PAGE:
At the same time, hackers are taking advantage of this power to do malicious things. For example, when a website is compromised, hackers are able to inject scripts into websites to steal sensitive information.
Unlike a traditional defacement, such scripts do not result in any visible differences in the content of a webpage.
In a traditional defacement, changes are often very visible, and images like these are probably what comes to mind:
However, once a hacker has managed to hack into a website, the hacker can do much more than just make a statement.
In recent years, there has been an increase in cases where the hacker would rather stay hidden and exploit the site for monetary gains instead.
Card Skimming (Magecart)
Major websites that have been affected by such attacks include British Airways, Ticketmaster, Forbes, Newegg etc.
A popular platform for setting up e-commerce sites is known as Magento. Hackers have been busy exploiting vulnerabilities in unpatched Magento sites to steal the payment information. As such, the term “Magecart” has been coined as a general term for such attacks.
How it works
Often, to avoid arousing suspicion, hackers will try to use a domain name that appears similar to the website, like this script that was found on British Airways’ site
When users try to checkout on the page, everything appears to work normally. However, in the background, the user’s payment information is captured and sent to the hacker.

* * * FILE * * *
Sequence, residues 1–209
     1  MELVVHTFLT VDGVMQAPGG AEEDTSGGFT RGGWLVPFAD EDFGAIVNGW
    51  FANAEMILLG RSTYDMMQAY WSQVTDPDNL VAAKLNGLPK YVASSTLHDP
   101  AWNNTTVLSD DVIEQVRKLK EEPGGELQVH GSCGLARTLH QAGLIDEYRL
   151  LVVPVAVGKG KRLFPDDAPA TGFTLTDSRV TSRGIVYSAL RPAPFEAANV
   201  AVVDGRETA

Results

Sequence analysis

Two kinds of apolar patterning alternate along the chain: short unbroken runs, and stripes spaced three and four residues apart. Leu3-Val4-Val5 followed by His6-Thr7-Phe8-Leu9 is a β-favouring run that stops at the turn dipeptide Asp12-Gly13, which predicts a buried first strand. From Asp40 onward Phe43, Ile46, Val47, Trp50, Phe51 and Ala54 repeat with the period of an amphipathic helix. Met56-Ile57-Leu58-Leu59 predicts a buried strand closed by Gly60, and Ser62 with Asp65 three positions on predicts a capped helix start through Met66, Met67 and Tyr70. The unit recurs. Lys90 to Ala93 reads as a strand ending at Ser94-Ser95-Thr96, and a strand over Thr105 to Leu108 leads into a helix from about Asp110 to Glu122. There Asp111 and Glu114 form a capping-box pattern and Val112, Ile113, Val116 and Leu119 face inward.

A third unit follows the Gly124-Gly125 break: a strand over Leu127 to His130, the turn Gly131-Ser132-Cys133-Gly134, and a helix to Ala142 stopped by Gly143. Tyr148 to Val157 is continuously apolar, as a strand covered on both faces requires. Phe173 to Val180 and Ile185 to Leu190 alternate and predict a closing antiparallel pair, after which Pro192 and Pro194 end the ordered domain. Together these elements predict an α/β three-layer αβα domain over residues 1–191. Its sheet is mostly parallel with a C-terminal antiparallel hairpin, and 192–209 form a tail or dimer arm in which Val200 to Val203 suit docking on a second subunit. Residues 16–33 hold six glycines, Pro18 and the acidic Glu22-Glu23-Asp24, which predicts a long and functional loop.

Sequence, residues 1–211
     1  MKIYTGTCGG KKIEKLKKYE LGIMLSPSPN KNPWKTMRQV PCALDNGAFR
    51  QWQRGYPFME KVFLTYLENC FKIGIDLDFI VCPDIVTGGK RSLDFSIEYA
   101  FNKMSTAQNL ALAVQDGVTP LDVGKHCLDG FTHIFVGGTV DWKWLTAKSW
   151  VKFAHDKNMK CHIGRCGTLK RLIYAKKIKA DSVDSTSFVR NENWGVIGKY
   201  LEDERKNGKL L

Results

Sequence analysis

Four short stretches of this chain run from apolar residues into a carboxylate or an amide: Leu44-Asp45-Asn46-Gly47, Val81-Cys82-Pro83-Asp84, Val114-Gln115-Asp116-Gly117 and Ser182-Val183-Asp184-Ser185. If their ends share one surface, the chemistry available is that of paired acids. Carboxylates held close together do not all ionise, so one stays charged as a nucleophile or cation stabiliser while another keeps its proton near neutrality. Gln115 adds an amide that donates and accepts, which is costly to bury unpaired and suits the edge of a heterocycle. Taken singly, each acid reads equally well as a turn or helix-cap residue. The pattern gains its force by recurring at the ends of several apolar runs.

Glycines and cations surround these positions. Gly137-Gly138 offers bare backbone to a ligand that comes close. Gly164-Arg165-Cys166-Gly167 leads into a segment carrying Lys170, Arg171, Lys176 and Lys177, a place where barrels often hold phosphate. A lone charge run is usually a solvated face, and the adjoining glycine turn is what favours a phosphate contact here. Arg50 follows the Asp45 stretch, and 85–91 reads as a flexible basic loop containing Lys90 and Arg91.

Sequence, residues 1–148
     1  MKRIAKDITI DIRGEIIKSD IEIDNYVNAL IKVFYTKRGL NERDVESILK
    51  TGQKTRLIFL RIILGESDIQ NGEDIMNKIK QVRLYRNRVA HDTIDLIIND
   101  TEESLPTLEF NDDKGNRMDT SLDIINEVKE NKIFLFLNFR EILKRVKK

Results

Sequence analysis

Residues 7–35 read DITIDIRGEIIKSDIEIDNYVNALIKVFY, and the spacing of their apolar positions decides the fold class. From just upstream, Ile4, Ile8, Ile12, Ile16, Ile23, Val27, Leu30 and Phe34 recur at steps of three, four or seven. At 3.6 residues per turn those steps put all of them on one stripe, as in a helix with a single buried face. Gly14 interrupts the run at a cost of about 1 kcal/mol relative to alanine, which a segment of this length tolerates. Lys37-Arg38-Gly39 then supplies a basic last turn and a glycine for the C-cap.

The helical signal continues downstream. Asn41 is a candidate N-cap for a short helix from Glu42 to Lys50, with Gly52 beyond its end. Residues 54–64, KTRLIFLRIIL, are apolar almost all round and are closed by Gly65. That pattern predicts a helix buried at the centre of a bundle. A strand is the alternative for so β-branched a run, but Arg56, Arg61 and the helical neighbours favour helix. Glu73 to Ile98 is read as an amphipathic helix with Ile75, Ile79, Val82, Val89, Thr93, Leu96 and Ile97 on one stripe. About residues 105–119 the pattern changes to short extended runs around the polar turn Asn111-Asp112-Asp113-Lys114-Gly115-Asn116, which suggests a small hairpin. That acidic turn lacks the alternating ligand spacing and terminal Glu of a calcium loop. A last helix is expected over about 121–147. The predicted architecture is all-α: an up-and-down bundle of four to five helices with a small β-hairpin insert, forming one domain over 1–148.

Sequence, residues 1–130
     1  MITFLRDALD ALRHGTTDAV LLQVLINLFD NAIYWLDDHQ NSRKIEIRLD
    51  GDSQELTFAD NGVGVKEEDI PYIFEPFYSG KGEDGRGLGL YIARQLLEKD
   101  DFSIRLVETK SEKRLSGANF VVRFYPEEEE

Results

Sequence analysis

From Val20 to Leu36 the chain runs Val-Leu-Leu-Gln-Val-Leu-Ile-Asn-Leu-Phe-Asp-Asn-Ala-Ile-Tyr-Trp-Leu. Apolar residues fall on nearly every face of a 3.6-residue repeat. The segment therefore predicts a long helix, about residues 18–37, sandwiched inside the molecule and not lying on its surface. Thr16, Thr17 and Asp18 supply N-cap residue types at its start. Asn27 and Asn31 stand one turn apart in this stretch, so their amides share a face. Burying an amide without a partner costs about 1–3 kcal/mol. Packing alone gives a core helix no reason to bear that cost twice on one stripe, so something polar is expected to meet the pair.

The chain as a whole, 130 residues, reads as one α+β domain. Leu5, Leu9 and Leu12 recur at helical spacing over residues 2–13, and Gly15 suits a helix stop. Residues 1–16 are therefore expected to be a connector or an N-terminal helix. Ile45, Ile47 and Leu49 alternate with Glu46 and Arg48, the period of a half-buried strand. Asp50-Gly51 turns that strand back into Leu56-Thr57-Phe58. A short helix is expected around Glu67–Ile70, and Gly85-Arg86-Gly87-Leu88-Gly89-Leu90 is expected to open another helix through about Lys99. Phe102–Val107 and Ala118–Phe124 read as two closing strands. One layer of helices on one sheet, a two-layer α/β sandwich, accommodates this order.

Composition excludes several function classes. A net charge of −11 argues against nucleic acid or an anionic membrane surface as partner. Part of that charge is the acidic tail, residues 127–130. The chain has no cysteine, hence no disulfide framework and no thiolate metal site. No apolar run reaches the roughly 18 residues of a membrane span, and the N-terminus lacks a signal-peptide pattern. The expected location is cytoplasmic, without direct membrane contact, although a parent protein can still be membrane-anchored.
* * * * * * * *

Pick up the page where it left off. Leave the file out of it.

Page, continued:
A quick primer on cryptocurrency mining: Cryptocurrencies like Bitcoin, Ethereum and Monero do not have a central authority to verify transactions, but instead use large amounts of computing power to verify cryptocurrency transactions. To incentivize users to contribute computing power for this purpose, users who contribute their computing power get paid a small amount of that cryptocurrency. This process of contributing computing power in return for cryptocurrency is called “mining”.
This requires paying for computing resources (and the required electricity) and thus hackers try to make use of other people’s resources instead, such as unsecured cloud environments.
It was reported in Symantec’s Q2 2020 Threat Landscape update that browser-based cryptojacking had increased 163%, coinciding with the increase in value of cryptocurrencies.
How it works
The hacker adds a cryptomining script to the website in which any currency earned goes to the hacker. The script remains hidden as visitors browse the website, but uses the visitor’s computing power to perform cryptocurrency mining in the background.
Such scripts tend to heavily tax the computer’s CPU, leading to slowdowns, heat and noise on the visitor’s computer, and thus dissatisfaction and loss of trust among website visitors.
How the new WebOrion® JME counters such attacks
With this engine, if a known malicious script is found, you are informed about the existence of the script, as well as the name of the threat given by the antimalware community, from which you can research to find out more. With this information, you can understand and respond to the threats faster.
An additional benefit that the JME has, is that it does not require a baseline of what the website should be like. Therefore, you can use this engine on websites that are extremely dynamic.
However, such scripts can cause reputational harm to your website and brand, or even lead to financial losses being incurred by your customers.
If you are not an existing WebOrion customer and would like to know more, do feel free to contact our sales team.